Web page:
Further on is the tiny Tom Thumb Theatre and the charming Walpole Bay Hotel. Head down to the beach from here and you'll discover one of the area's other treasures. Built in 1937 and covering an area of four acres, the Walpole Bay Tidal Pool is loved by the keen local outdoor swimming community and is popular with families in the summer months.
Explore further afield for more excellent beaches, including Joss Bay and Botany Bay, and for the nearby town of Broadstairs, with its central beach and links to Dickens.
One of the best-known prizes for visual arts in the world will be hosted at the Turner Contemporary this year.
A focal point for Margate's cultural regeneration since it opened in 2011, the gallery is set to fulfil its destiny by hosting the prize named after the artist JMW Turner – who lived and painted in the very spot where it now stands. The prize visits venues outside London every two years.
Four of the most exciting current artists are shortlisted to win the prize, based on an outstanding exhibition that has taken place in the previous year. The names of these artists were still to be announced at the time of writing, and the exhibition will take place between September 2019 and January 2020. The winner will be announced at a major awards ceremony this December. www.turnercontemporary.org
Shopping and eating
Vintage clothing and furniture are provided by Peony Vintage, Madam Popoff, Junk Deluxe, RG Scott Furniture Mart and Breuer & Dawson. Other favourites include Little Bit, Artisans & Adventurers, Lombard Street Gallery, The Old Bank Book Shop, The Light Keeper, Mor, Urchin Wines, Haeckels, WerkHaus and The Old Kent Market.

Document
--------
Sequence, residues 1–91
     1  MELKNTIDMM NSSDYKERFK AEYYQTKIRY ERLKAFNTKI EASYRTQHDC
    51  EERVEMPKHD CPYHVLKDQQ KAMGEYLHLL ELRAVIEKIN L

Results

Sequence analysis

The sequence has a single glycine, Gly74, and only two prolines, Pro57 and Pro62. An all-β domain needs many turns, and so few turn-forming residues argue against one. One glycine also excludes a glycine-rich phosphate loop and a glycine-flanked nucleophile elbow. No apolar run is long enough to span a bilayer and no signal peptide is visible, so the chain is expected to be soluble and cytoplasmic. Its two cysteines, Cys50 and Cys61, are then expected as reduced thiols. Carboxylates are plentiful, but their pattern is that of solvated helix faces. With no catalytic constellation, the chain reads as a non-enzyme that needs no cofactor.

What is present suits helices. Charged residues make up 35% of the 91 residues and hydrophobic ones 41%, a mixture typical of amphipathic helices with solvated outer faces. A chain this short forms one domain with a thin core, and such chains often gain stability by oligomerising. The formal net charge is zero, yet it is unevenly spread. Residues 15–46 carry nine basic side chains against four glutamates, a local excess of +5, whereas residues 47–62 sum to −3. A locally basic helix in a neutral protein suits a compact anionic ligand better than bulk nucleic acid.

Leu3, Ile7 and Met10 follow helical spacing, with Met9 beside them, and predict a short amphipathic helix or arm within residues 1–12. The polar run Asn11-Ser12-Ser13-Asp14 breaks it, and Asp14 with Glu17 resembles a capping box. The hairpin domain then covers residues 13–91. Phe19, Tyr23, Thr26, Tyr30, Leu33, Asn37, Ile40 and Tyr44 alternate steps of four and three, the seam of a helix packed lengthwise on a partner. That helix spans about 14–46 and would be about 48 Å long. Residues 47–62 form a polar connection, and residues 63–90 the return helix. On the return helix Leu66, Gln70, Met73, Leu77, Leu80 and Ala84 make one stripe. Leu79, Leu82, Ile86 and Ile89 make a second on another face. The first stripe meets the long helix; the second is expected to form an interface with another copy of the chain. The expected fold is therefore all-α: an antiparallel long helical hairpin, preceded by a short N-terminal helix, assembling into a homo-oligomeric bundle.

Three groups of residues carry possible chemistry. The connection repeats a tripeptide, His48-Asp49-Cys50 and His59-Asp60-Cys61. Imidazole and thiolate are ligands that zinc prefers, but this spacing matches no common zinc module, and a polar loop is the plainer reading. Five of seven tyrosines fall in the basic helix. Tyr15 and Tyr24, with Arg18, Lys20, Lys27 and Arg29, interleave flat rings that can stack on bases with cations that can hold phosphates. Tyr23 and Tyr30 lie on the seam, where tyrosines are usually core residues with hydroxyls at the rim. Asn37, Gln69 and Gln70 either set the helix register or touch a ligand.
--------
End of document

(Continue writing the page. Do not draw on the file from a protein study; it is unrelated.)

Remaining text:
The Kentish Pantry was a runner up in the best independent food and drink retailer category of our Kent Life Food & Drink Awards 2018.
Eating out here is a pleasure too. Seek out The Old Post Office, Buoy & Oyster, The Ambrette, Mar Mar café, Angela's seafood restaurant, GB Pizza Co, Roost (it's won our family dining category the last two years in a row), Olivo, The Bus Café, Bottega Caruso, Bow's Kitchen, Mulllins Brasserie, Hantverk & Found, Cliffs, Café G and Cheesy Tiger.
There are many holiday accommodation options, including The Sands Hotel, The Reading Rooms and the Walpole Bay Hotel. Indie band The Libertines are even converting a run-down hotel in Cliftonville into their own hotel/bar/recording studio called The Albion Rooms.
Postcard from Margate
We are Rae Jones and Cynthia Lawrence-John, and we are WerkHaus Margate, an independent fashion boutique, located in the heart of Margate's Old Town.
We launched WerkHaus Margate in August 2017 as a pop-up shop, with a permanent store following soon after. Cynthia is an established fashion director, magazine editor, stylist and costume designer. Rae is an established accessories and footwear designer, with her own accessories label called Buckitt.
We stock hand selected vintage pieces alongside modern workwear and denim brands. The ethos of WerkHaus is to offer women modern clothing with utilitarian and military traits and details, which are practical, flattering and stylish. Future plans include developing our own line of WerkHaus Margate clothing and accessories and we also aim to develop creative workshops held in the store.
Some of our top things to do are: visit Margate Museum (it's so interesting and too often overlooked), go to Tom Thumb Theatre and go to Margate Arts Club for dancing and general madness. Top places to eat and drink include Angela's delicious fresh fish restaurant, Bottega Caruso, Curve coffee roasters, Dalby Café and Cyril's for a takeaway sarnie. Look out for Northdown Brewery (visit their saloon on a weekend), Urchins Wine store, Modern Provider for bread and cakes, Ramsey and Williams for vintage furniture, and Breuer & Dawson for the best men's vintage clothing. Visit www.werkhausmargate.com